Sales Strategies Shift as the Next Generation Shops

by Mike Gergye

The buyer’s journey for generation Z and millennials is drastically changing the way businesses sell their products and services. As the retail marketplace becomes more competitive, these two emerging consumer cohorts will play a pivotal role in the evolution of retail. (While there are differing opinions about the age ranges for gen Z and millennials, the information gathered for this blog used the ages 24 to 35 to define the millennial generation and 11 to 23 for gen Z.)

Reports from Statista show 45% to 52% of millennial and gen Z consumers consider grand openings, entertainment, and online pickup to be the top reasons to visit brick and mortar stores. Emerging generations are also increasing in purchasing power. As we see their share of retail expenditure increasing from 13.5% in 2013 to a projected 30% in 2020, it is crucial to note how they research and purchase products.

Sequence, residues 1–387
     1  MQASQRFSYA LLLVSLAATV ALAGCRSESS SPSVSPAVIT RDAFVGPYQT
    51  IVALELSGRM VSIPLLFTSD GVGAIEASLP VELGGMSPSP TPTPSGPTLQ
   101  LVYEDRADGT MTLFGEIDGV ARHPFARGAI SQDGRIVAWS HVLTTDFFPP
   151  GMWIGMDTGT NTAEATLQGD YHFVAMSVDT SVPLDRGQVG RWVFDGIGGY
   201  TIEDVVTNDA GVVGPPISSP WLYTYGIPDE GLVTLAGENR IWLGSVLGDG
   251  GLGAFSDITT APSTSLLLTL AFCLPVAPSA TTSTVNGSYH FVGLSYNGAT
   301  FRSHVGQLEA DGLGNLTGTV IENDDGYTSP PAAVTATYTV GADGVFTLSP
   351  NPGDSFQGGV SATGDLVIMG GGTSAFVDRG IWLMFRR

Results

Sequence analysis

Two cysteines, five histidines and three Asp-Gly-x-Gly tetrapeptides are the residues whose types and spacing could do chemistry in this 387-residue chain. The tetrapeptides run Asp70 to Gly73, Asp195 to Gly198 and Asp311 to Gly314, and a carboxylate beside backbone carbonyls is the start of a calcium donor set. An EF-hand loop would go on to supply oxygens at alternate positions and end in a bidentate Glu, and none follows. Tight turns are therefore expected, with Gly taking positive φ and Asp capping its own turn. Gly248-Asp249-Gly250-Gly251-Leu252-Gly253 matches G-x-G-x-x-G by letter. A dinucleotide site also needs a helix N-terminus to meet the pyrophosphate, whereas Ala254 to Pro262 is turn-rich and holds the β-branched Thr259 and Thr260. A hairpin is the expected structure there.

Think value as the overarching theme as we sift through the generational traits businesses should consider when executing new strategies. These two generations will  continue to shift the market, so businesses that begin to implement changes based on this data will experience greater success in coming years.

Independent and Innovative Mindsets

Millennials and gen Z want to feel like they are a part of something bigger. According to the Cone Communications Millennial CSR study, “more than 9 out of 10 millennials would switch brands to one associated with a cause.” With that in mind, it is absolutely necessary to talk with them not at them, when searching to find what they value and how your business can become better equipped to connect with them based on social impact.

Educated and Flexible Communicators